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I know about the fitdist() function from the fitdistrplus package in R, however, I am not able to use it to predict a gaussian distribution. I can predict normal, logistic, weibull etc. How can I use it for gaussian? are there any other ways to predict this?

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  • $\begingroup$ If you can do "normal" you can do "Gaussian". They're the same thing. And where does fitdist come from? Its not in the base R packages. Always specify packages if mentioning an R function not in the base. $\endgroup$ – Spacedman Nov 8 '16 at 11:01
  • $\begingroup$ This is what I am using to test the distribution type: fit.norm <- fitdist(a$Hours, "norm") This tells me its not normal, so probably its not gaussian as well. How to figure out what distribution it is? $\endgroup$ – Chandresh Gupta Nov 8 '16 at 11:39
  • $\begingroup$ I get: Error: object 'fitdist' not found. There is no such function. Edit your question and put the exact R code, from a clean session, into it. $\endgroup$ – Spacedman Nov 8 '16 at 14:56
  • $\begingroup$ you would need to install the package "fitdistrplus" to use the function $\endgroup$ – Chandresh Gupta Nov 9 '16 at 7:39
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    $\begingroup$ Anyway, this is all irrelevant to your question. Normal and Gaussian are the same thing. $\endgroup$ – Spacedman Nov 9 '16 at 14:19
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You can try the following:

The minimum syntax you can use is:

fit.norm <- fitdist(x, "norm")

to fit the normal density function to the data x.

Use the parameters "gamma", "weibull", "lnorm" for fitting gamma, weibull and lognormal distributions respectively.

After doing that, you can use plot() function on your object fit.norm to visualize the fitted distribution ,q-q plot, p-p plot and empirical and theoretical CDF's.

Normal distribution and Gaussian distribution are one and the same.

The following is the output due to plot() function on the object generated by fitdist() function for 1000 standard normal variates. enter image description here

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  • $\begingroup$ fitdist(runif(100),"pnorm") gives "Error in fitdist(runif(100), "pnorm") : The dpnorm function must be defined". You didn't even try this. The second argument of fitdist has to be "norm" here, not "pnorm" or "qnorm". $\endgroup$ – Spacedman Nov 10 '16 at 16:53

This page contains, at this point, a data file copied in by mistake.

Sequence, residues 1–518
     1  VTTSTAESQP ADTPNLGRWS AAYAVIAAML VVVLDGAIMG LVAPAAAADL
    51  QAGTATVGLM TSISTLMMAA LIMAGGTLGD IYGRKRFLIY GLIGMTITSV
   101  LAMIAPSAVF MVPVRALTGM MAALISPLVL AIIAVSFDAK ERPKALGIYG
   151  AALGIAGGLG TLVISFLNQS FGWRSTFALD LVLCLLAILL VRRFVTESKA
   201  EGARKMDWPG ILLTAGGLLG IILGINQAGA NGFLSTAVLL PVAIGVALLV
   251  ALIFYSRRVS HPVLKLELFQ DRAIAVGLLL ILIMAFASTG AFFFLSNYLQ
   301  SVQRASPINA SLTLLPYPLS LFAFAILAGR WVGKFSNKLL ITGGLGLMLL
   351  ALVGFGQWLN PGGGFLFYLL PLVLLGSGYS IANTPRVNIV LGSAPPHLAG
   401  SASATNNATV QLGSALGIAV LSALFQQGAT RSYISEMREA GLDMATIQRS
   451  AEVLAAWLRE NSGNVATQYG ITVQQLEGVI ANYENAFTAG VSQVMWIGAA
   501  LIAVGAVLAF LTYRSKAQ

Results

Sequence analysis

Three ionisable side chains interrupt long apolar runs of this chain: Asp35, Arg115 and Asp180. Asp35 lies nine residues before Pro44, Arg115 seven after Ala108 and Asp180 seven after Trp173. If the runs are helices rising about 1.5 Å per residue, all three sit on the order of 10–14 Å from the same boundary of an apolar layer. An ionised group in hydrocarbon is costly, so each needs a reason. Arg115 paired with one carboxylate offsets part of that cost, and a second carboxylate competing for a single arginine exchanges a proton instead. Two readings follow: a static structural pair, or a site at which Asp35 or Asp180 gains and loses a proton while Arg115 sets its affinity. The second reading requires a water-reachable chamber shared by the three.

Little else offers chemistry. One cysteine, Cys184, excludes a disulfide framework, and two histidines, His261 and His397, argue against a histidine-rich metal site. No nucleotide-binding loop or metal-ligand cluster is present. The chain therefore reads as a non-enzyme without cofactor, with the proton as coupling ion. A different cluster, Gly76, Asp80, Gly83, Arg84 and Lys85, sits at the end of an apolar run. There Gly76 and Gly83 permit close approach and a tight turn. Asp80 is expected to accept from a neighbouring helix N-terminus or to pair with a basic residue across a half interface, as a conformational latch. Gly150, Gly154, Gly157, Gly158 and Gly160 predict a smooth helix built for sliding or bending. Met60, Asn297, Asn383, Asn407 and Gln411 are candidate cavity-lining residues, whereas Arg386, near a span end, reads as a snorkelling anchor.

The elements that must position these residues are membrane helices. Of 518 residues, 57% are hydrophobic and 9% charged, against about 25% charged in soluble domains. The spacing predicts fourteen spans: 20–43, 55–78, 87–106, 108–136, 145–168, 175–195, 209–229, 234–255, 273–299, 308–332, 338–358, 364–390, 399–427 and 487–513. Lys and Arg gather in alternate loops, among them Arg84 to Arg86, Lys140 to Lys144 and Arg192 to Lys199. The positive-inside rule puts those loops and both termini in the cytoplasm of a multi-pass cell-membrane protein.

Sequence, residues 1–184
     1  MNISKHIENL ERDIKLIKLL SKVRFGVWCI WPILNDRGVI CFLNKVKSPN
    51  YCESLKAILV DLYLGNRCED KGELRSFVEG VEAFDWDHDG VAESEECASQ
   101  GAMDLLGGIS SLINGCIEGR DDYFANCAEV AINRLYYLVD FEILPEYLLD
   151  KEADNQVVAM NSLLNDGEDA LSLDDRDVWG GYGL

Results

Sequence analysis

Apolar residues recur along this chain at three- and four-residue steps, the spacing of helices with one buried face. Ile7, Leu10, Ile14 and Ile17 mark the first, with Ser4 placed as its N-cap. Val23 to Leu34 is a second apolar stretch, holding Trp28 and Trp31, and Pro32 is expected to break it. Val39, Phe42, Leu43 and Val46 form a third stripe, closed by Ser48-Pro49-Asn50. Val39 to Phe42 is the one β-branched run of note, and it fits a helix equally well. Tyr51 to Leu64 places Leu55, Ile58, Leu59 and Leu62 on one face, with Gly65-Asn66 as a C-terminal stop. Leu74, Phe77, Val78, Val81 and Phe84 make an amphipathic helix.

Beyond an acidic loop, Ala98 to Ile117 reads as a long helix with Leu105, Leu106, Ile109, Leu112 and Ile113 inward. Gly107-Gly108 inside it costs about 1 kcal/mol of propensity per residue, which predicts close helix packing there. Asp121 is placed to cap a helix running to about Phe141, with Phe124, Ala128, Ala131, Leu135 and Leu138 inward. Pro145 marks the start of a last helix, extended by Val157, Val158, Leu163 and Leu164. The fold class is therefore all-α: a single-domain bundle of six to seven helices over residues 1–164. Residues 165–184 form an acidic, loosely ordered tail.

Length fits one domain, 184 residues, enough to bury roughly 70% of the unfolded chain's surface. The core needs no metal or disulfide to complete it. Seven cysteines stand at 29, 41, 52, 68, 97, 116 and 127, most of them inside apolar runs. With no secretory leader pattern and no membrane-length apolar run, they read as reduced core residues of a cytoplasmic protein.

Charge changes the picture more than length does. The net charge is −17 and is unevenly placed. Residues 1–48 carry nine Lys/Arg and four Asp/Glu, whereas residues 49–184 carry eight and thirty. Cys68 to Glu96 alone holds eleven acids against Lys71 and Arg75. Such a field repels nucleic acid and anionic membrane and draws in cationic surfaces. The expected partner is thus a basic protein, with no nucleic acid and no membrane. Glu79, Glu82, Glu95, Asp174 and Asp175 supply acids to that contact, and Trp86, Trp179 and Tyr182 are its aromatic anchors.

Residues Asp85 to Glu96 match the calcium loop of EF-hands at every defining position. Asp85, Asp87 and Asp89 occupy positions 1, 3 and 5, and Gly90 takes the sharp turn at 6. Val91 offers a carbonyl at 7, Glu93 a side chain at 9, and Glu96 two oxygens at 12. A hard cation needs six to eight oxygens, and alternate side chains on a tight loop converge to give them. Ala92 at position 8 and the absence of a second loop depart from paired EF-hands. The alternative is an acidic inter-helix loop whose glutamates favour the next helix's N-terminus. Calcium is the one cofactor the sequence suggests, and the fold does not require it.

• $\begingroup$ While presenting, I made a mistake. You are right. $\endgroup$ – L.V.Rao Nov 10 '16 at 16:58
  • $\begingroup$ @Spacedman I have corrected the typo. I observed that dnorm (without quotes) is same as "norm". $\endgroup$ – L.V.Rao Nov 10 '16 at 17:15
  • $\begingroup$ @Spacedman Is there a function called dpnorm? $\endgroup$ – L.V.Rao Nov 10 '16 at 17:22
  • $\begingroup$ No. It takes the string you give it, sticks "d" on the start, and looks for a function of that name to return a density. So if you can write the density, distribution, and quantile functions dfoo, pfoo, and qfoo for the fictonal foo distribution, then fitdist can act as a framework to fit parameters. $\endgroup$ – Spacedman Nov 10 '16 at 17:34
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The Normal distribution is the same as the Gaussian distribution. Its just two names for the same thing. Whatever you do - fit parameters, compute goodness-of-fit, etc - if the documentation says its for a Normal distribution then you can say "Gaussian" instead. Completely and totally identical.

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It depends on what you mean by predicting Gaussian/normal distribution.

If you want to check the fit, then you can estimate mean and standard deviation of your sample and plot two histograms: one for your sample and second after generating a sample Gaussian distribution with the mean and standard deviation. By comparing the two you can roughly "see" the fit.

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  • $\begingroup$ Have you missed the point about Gaussian and normal distributions being the same? $\endgroup$ – Spacedman Nov 9 '16 at 15:57
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    $\begingroup$ No, I did not. I know its the same. Its a simple trick to compare a sample distribution with a known (normal aka Gaussian) one (if mean and std are known). $\endgroup$ – Subspacian Nov 10 '16 at 8:38

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